Review – “The Mysterious Affair at Styles” by Agatha Christie

The Mysterious Affair at Styles by Agatha Christie was her debut novel and my first by the author.  As I researched about it after reading it, I got to know that it was written as a bet between her and her friends, who challenged her to write a who-dunnit. Needless to say, her friends got it in their face. Since the book is a classic, I wouldn’t review it. Whatever I’ll write, I’ll try to stay as far away from reviewing it, because classics are not meant for that.

Mr. Hastings, the narrator, tells us about the affair at the styles, the death of one Mrs. Emily Inglethorp, wife of Alfred Inglethorp. Her stepson, John Cavendish is his old friend, and therefore, his deep involvement in the affair. It had so happened that Hastings meets John by chance, and the latter invites him to stay at their house. Soon after, Mrs. Inglethrop is found dead, seemingly poisoned as declared by Dr. Bauerstein, the mysterious friend of Mary Cavendish, John’s wife. Though eager to avoid an inquest and publicity, John agrees to let Hercule Poirot, Hasting’s friend, take a look into the matter. You see, Poirot is a retired Belgium detective of the yard. Everyone comes under scrutiny including Lawrence Cavendish, the younger step-son, Cynthia, Emily’s niece whom she was taking care of, and of course, Evelyn Howard, Emily’s closest aid and confidante. With the murderer at large in the house, it is now up to Poirot to catch him and bring the old lady justice.

Who doesn’t like a good old murder mystery, eh? I know I do. Since the starting days of my reading journey, I have been a fan of mystery, especially ones which take on Sherlock Holmes’ style. AC her does style her hero, Hercule Poirot on the hero of ACD novels and I couldn’t be happier. There are differences between the two detectives, yes, some stark and some subtle. Unlike Holmes, Poirot isn’t a sociopath, which thankfully for me, is good. Another like Holmes wouldn’t have been good for my literary fandom and choosing one between them would have been blasphemy. So, Poirot. He is presented as a short egg-headed Belgium detective who keeps throwing his charm. And language around to get to the bottom of the mystery. While he is a level headed experienced man, his wannabe detective friend Hastings is impulsive. It is fun to read their banter and Poirot’s mild insults directed towards him. Much like Holmes and Watson, Poirot and Hastings are a team. Maybe that was the way murder mysteries were written then, a hero and his sidekick, who wasn’t as clever as the hero but had his own benefits. This Poirot, I’d love to watch a series on him, much like my dear Holmes. Who do you think would be suited for the role?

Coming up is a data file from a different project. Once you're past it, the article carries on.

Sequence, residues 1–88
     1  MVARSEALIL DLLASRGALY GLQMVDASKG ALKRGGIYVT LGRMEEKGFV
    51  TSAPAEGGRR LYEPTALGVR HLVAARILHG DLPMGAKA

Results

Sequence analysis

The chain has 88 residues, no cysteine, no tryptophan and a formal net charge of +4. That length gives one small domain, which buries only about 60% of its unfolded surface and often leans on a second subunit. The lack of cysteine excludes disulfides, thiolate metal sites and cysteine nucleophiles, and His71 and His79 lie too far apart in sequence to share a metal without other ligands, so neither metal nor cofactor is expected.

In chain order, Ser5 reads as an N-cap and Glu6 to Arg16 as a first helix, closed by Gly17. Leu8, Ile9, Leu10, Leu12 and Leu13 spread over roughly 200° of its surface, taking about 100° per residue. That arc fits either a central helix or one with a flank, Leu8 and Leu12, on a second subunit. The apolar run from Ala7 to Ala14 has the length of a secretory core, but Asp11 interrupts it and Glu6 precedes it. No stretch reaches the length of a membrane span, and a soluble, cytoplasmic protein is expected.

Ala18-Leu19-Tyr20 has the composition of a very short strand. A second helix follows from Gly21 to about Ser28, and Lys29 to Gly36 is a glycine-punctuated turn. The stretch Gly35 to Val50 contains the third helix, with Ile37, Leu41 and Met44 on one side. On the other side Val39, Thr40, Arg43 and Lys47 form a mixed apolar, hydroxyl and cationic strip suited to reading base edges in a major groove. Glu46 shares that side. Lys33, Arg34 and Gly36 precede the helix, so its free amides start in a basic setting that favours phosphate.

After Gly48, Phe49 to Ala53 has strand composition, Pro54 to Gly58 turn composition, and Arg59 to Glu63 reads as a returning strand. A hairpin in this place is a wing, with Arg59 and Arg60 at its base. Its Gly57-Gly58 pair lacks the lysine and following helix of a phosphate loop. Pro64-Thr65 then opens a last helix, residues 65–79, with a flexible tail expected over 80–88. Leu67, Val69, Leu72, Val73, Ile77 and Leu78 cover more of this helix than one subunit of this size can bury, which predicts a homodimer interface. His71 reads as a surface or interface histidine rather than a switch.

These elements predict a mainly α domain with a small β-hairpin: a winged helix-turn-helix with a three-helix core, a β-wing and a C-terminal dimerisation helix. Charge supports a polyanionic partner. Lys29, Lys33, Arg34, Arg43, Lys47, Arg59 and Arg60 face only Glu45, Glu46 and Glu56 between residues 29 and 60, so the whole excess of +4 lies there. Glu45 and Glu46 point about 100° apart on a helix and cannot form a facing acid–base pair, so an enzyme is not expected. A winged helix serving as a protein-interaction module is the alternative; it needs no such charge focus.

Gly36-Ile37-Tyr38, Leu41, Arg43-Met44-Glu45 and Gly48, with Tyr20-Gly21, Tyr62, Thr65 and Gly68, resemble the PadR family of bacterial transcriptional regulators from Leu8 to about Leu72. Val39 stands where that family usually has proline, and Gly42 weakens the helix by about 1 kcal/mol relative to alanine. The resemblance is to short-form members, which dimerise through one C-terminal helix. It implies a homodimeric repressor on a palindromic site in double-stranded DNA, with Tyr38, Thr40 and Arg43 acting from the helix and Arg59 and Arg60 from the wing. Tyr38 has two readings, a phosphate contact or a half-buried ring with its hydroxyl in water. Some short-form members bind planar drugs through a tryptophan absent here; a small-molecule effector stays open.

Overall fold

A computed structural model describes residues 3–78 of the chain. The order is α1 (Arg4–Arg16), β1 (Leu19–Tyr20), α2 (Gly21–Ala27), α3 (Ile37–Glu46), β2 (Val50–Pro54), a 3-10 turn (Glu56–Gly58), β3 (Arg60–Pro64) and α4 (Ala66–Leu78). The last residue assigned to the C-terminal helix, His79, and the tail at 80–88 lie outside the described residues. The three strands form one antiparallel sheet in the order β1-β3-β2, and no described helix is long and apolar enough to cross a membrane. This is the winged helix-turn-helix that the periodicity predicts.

Anyway, back to the book. The story is short, not too short to qualify as a short story, and not too long to be a proper novel. I’d keep it in the novella category. The characters are limited so it’s easy to keep tracks of who said what and did what which is quite essential when reading a murder mystery. The story keeps unfolding chapter by chapter, each revealing a new fact and pointing in a different direction. I kept guessing the murderer till the end, and even then I missed. LOL. The investigation is tedious. Having read and seen a lot of similar mysteries, I did keep a note of all the things that seemed irrelevant at the time it was written but which came back later. In mysteries like these, the author always has the upper hand despite the reader is one of those heads which can equally be eligible for the hero’s role, because the author tends to keep back a lot of stuff which is usually revealed only at the end. So, when guessing the criminal here, the reader may be right, but since the facts aren’t available to them, they wouldn’t be able to explain the reason behind their choice. Not that I guessed it any right 😉
Recommended to all the mystery fans, you wouldn’t be disappointed in delving into the vast world of crime built by the Queen of Crimes herself. 


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